Sports Itlr~~~
Dealr EatLove aB1


AL QJ 10 0 8


Annualans statate~s tor
Maet ok 48)l
n b 34





Potg 'is'bJ
freteL
eit
Ioe485rnwe *


(4)
; itIe IS)

















Weldel HnowEn an let into wrorg



rathebs will win tenbht novr IIS hoxer
By GLADSTONE IllURSTON
PESNNSYLVANIA HEAVYWEIGHT WILLIE PRICE will take a five pound weigt advantage
into the ring tonight when he clashes with the Behamasr' Wendell Newton in anr important ten
nroud rtrfnr bout at the Nassa Stadium '


Ftirkly May 4,


I


10:00 P.M. SUN THURS
10*00 8 12:00 P.M. FRI & SAT









JOF 788800 1


AM RI N LEAGUE

Milwankee 10 10 GB0
Baltimore to 11 .476 %:
Nea dok 101.46 H
Detroit 10 12 .455 I
Boston aII .421 1%.
hcaoWest Div Tloo
Kansas City 14 9 .609 I
Catlfornia 11 8 .579 2
Minnesota 9 9 .soo as:
Oaland to2 45 H
Thursday 's Results
No game scheduled
NATIEOADL LEAGUE
W L Pct. GB-
Ptsrburgh 90 .88 -
No ork 12 10 .545 %
Montreal 9 11 .450 2%
Ihlade phia 9 2%.40 ~
West Division
San Francisco 19 8 .704
aicinati 85B.5
Los Angeles 12 12 .500 SW
San Diergo 8 17 .320 10
Atlanta 7 IS .318 9PI
St. Louis3, 8a M I
Cincinnati 6, New oTirkr 5
Pitsburgh 4s San Franicisco 5
Chcago T oda Games~
Atlanta (Reed M) at Philadelphia
Hutn IF rse 3-j at New York


Ibor~ama


WI w tw



mbaltea


the PIttabturgh Plrates rooted the
San Francisco Glents 14 S
Thunrsdy.
Pit abug stst~?I the Firt nin
and then the Plrates addd ft iveres
In the second, Four of them an
oliver's buasesoaded hosaer, 5
thin rd w gra lam oF hisma
inside the-parkr hosser la the
SPirates' 17-lhit offense. W~lli
sM ~vte hi ad home roe for due
Sin another Nationst lassu
Sbaseball ganse Thursday the
SCincinna~tl Rda trimmed the New
In late night glame on the West
Coast, the Los Anelesr Dodser fell
.beaten 4-1 by the Chicago Cubs and
the St. Louis Cardinals defeated the
nongaDer p d In the Ameie
SLeague.
tThe Cincinnati Reds scored alx
s ht honte run by Lry Sthn. Pri
to Stabl'shlatrthat produced tie
r winning runs, the Reds scored reas
on Tony Perez' double, a slagle Il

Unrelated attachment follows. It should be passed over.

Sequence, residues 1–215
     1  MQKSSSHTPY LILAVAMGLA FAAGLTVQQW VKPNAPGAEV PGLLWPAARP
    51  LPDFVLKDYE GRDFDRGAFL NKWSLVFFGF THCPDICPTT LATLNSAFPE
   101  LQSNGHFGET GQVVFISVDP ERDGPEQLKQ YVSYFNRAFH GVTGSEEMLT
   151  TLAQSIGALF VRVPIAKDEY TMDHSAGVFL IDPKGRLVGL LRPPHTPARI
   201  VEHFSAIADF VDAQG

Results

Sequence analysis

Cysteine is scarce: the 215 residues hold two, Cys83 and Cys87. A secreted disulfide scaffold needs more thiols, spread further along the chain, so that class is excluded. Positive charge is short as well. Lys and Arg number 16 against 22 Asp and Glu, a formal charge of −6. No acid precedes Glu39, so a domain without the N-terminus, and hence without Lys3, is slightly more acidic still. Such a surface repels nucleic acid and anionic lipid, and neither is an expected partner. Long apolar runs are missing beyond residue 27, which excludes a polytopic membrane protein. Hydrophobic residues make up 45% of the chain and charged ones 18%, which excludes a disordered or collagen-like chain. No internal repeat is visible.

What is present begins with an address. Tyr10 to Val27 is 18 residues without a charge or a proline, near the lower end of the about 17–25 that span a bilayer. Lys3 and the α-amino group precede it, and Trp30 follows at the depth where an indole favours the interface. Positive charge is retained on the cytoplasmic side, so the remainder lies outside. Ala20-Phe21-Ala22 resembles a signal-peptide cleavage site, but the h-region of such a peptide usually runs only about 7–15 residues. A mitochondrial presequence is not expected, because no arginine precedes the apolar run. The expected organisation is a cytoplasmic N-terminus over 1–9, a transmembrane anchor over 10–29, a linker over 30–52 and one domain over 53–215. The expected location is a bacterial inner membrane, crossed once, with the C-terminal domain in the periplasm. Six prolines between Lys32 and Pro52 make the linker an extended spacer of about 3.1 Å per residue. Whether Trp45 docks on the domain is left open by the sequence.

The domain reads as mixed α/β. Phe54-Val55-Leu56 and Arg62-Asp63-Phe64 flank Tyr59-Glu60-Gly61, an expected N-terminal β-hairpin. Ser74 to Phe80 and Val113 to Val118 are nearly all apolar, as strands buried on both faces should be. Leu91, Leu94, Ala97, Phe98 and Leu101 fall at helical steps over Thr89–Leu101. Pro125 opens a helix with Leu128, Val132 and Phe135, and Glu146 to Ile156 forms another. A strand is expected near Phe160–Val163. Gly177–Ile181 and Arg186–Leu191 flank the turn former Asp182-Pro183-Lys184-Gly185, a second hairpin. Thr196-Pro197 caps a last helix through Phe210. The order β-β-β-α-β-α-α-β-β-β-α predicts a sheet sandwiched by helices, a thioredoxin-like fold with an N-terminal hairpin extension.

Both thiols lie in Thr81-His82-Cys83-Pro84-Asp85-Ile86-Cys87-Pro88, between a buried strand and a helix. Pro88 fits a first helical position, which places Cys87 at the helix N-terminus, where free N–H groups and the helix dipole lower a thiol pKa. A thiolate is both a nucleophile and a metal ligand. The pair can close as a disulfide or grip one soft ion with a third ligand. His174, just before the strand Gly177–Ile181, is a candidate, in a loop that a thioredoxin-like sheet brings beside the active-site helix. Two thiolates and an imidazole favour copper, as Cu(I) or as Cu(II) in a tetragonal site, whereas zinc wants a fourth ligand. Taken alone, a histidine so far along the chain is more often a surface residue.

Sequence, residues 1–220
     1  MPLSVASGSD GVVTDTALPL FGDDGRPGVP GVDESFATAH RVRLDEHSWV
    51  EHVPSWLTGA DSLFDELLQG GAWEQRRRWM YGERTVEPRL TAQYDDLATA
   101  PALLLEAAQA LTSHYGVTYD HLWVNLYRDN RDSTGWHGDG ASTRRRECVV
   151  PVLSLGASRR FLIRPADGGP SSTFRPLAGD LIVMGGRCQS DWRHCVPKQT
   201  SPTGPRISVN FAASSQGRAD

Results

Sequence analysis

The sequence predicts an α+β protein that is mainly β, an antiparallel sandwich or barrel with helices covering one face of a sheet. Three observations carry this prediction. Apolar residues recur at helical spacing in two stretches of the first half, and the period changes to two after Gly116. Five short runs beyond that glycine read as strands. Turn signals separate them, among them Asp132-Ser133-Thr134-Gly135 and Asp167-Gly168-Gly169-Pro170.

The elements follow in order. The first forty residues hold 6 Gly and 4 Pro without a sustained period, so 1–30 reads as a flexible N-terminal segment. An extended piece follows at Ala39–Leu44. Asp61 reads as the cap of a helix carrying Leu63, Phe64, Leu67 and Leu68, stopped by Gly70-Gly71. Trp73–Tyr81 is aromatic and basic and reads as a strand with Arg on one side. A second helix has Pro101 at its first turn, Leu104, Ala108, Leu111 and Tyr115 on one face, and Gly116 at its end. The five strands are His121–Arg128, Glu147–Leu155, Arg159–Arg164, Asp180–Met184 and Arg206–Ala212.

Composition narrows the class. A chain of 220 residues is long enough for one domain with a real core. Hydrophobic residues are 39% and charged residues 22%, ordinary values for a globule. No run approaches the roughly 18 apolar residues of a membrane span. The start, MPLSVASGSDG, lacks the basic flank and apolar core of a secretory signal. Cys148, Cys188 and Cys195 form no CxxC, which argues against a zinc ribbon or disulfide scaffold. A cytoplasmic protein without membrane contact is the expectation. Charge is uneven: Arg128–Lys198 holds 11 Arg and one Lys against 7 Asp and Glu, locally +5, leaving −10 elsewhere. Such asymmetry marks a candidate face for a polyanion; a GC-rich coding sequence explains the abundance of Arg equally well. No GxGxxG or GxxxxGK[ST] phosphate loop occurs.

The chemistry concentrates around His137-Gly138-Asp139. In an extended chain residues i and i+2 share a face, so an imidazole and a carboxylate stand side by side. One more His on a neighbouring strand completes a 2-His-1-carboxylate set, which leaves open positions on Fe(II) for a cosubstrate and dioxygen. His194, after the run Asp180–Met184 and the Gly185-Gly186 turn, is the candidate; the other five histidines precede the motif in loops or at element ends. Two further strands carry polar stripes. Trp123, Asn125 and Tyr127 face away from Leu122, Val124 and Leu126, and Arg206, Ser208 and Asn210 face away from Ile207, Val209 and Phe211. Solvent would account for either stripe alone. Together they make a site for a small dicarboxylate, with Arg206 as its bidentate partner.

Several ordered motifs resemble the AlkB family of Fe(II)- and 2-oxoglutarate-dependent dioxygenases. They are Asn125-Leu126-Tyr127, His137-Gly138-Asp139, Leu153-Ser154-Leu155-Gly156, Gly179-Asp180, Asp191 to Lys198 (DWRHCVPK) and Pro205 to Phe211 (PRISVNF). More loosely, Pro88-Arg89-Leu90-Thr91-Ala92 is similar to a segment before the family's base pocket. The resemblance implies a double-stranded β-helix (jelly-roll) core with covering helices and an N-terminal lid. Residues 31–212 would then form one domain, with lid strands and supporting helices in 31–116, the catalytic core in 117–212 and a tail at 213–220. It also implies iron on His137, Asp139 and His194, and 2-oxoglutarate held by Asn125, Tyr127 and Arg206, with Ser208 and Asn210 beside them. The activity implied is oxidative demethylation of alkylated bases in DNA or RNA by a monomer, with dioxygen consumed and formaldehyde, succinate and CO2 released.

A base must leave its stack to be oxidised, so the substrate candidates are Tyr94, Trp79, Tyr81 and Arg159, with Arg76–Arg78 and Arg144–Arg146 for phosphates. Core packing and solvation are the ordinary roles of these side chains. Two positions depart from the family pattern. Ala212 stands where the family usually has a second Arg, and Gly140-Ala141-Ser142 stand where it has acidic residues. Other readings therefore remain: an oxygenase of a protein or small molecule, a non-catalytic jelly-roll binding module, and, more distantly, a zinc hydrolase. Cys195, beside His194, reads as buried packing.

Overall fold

I o cpetn' dulepidyd atwo
blet lead built in the firt laning dga
Rusty Staubs grand stem homer.
The Mets scored another run in tile
Fourth on Bud Harreson's double.
Tom Hall. 2-!, who rolleve)I
starter Jim McC~lothtln in the
fourth Inning, was the winner Fdr
Cincinnatl. Jon Matlack, 24, was


By GLADSTONE THURSTON
C. C. SWEETING HIGH SENIOR BOYS Volleyball Sqand*
covered from their first loss to defending champions Price
Williams High, continued their battle for championship honours
in this their rookie year by stopping A. F. Adderley High IS-13,
15-8, 10.IS and IS-3, on. Monday and St. John's College 15-5,
15-3 and IS-2,yesterday.
Prince Will on. the other off in the first set when he
hand continte their defence served six straight points
and lead the Western Division including two aces. Although
undefeated in six games. C. C. St. John's broke his service
Sweeting is second having lost with a short bump over the
one in six played. net, they were unable to score
C. C. Girls stand a fair~ over rookies and Godfrey
chance of taking the senior Cartwright at the line gave C
girls championship also as they C. a 12-0 command.
lead the W. D. undefeated in ES LY
five games and with five more StJonsPicHpbm
to play, they need only to win contributed four points bul

ourt All themo er colshv set-man Keith Wells and spiked
Ronnie Archer and Anthony
C. C. in Monday's game got Bain turned on the steam for
off to a slow start and with thi -led

Mi khi erop 8r tc m seon gname "w just
playing Adderley High strode th nt"sadcchGnt
to a 4-0 lead. Picking up the Sherman Brown, Carlton
pace, C.C.'s captain Dennis '
Forbes and George Spence saw Talr nd Rfs mih
the ome eam head10-4 contributing good all around
playing pushed Sweeting High
Adderley High, last year's toaes20lad

:':dell el o dbro gt o theta de oli io
Johnson came through and saw ,
Forb"s.in :'i' '.cond game n en
gave t~he big spikers Ma ISmhith Buster Evans hammered St,
an y oer ey John's allowing them only two
needed to pace Sweeting High pit.
to a 2-0 lead. pons


pit hi nga ndt orlbdo ran
Ron Lyle next month.
The winner of that fight will be
considered for a shot at World
Heavyweight Champ George
Foreman's title.
Nevertheless, "it's just
another job," said a confident
Price concerning tonight's
bout. Price two years ago took
a ten round split decision from
Newton and although Newton
'described the decision as being
/very controversial, "this is
always the case," said Price.
'But I believe that I won
pretty convincingly"
Holding a strong 35-5-2

de~h a~nd eac ha vnaage a
these factors, together with the
fact that Newton knows a lot
o rcs, wil ma e his
opponent a little difficult to
hit, Price explained. "He thinks
he could beat me, but I am
gon riteo gv chim hom ;:::
him, 171 stop him "

Pric:. .Afomer INolden
Glove heavyweight champion,
has had 12 years of ring
experience during which timle
he has fought rated fighters
like Eddie Machen and Willie
Benvenuti.
Newton will be hopping into